When employees of a certain nature get fired, they make a scene and do some things that end up with Karen from HR filing a report. Papers get tossed, becoming airborne razors for unprotected skin, but those don’t hurt as much as the words that are flung in every direction like a machine gun in the hands of the Tasmanian Devil.
This doesn’t describe the behavior of the vast majority of employees, but neither does the time Gianfranco Zola murdered three Liverpool players on live television.
Let’s set the table.
Gianfranco Zola is an incredible name – one of the best any of us has ever heard – and it’s fun to say. He looked like a kid in those oversized kits from the 90s and was definitely the most gifted short person in sports you’ve ever seen during the period of 1989-2003, bar none. (He played before and after that, but we’re going to ignore all of it.)
If you couldn’t guess by his name, he’s Italian, and if you’re unfamiliar with soccer, or ‘calcio’, Italians are really comfortable kicking a ball around. Like, really comfortable – as comfy as a Pendleton blanket and board shirt combo. Zola was truly ridiculous with a ball at his feet, so much so that you have to watch his highlights over and over out of disbelief that the things he did were possible.
What he did to defenders was a joke. Silliness. I only know from YouTube, as I was four and eating applesauce with my lunch by the time Zola joined Chelsea, but he was special. That you can tell from some stray highlight videos.
Gianfranco Zola (can’t say it enough) is 5’6″ with spikes on his boots, a fact much appreciated by Diego Maradona (mere centimeters taller) during their Napoli days. Zola would watch Diego take free-kicks during practice, trying to get the ball to move in a way that seemed like it was attached to a twirling zip line. Diego could do it, he had the sauce; Zola had to work to find his sauce, but damn, he sure as hell found the recipe.
(Diego got a little too saucy during his time as a deity in Napoli, but it’s mostly due to the fact that he was often very high on cocaine.)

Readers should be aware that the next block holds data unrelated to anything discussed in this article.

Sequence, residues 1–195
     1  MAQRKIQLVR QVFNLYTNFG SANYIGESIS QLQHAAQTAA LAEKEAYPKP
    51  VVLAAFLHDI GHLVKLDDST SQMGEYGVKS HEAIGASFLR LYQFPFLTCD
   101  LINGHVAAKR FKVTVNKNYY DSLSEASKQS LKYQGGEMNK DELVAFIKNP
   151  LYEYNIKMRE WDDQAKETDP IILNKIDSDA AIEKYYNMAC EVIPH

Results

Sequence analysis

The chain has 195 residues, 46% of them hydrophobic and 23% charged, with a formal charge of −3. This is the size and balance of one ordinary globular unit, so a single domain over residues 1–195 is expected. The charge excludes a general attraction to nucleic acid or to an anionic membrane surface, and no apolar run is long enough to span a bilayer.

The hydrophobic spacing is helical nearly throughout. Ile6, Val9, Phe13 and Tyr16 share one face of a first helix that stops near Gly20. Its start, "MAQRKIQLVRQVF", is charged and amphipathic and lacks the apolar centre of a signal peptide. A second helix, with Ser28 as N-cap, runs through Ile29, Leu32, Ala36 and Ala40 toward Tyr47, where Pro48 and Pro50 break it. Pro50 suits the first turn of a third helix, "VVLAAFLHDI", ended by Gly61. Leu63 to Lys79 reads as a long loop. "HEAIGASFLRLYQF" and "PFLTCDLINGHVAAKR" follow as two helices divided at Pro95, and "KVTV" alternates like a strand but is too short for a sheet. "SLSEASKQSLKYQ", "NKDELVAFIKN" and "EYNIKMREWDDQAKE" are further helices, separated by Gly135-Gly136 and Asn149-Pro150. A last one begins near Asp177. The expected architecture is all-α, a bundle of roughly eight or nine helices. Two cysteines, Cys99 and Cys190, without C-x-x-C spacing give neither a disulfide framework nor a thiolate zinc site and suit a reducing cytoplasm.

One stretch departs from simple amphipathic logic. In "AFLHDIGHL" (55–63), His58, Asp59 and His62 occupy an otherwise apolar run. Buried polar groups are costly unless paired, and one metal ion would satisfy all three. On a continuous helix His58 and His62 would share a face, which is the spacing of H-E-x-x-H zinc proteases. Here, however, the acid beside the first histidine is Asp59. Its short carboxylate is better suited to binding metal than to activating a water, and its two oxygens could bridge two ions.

When Chelsea FC imported Zola in 1996, English football gained a “clever little so-and-so,” in the words of Sir Alex Ferguson. Controlling the ball like he’s walking a seeing eye dog, it does what he wants without him having to look at it, allowing him to focus on potential targets – unwitting defenders with weak ankles and blacked out boots. They look hard, but with a faint, flick and a toss, a man smaller than Spud Webb brings them to the ground or puts them in a spin cycle, sent whirling into the advertising boards.
He’s scored goals that would win beauty pageants, won trophies shinier than Charles Barkley’s forehead during ‘serious’ interviews.
Gianfranco Zola accomplished a lot during his career, but one of his finest moments was during his last match in a Chelsea shirt. He only played twenty minutes, but during a very brief period, he managed to commit three murders, all of which occurred on live television. (Just mute the sound; the soundtrack for the video is awful).
Holy shit. Even the FBI agent watching your screen uttered ”fuck me” under his breath before momentarily locking eyes with the agent who shares the same table at the new open office plan at Langley.
You should probably watch that ten more times. Oh, you did? Ten more wouldn’t hurt.
That was something. It all happened so fast – Jamie Carragher swept up in Zola’s essence and sent to the floor twice. Twice in four seconds. Mercy.
Who cares who the two other guys were, ’cause they’re dead too. Slaughtered with footwork so silky that it’d make your dance instructor blush, and it was all recorded on television, and then uploaded to the internet for everyone to enjoy in perpetuity.
Go ahead, watch it again.
It’s nasty, but in a way that would get your mom to kick a deflated ball around in the safety of the backyard, instead of placing her hands over your eyes.
It’s fucking brutal, ruthless bone collecting that should have forced Chelsea into locking up Lil Zola with an extension to his contract, but instead, it’s a final goodbye, a perfect message of thanks from the brilliant man, only with some Christian Bale in American Psycho vibes.
Those feet are like Chris Paul’s hands, perfectly coordinated and created specifically for kicking a ball, whether it’s a running backheel that squeaks into the lower corner at the near post, or curling over a wall of 5’10 defenders with mullets. Goalkeepers of even the highest caliber are useless, frozen in place with synapses going off at a pace too rapid to calculate in time, rendering them motionless. Even if they dove in the right direction, there’s too much behind the ball for a gloved hand to affect the ball’s trajectory.
He was in his bag every day, but on his final day as a Blue, Gianfranco Zola destroyed the livelihood of three men, simply going about his business.
What a player.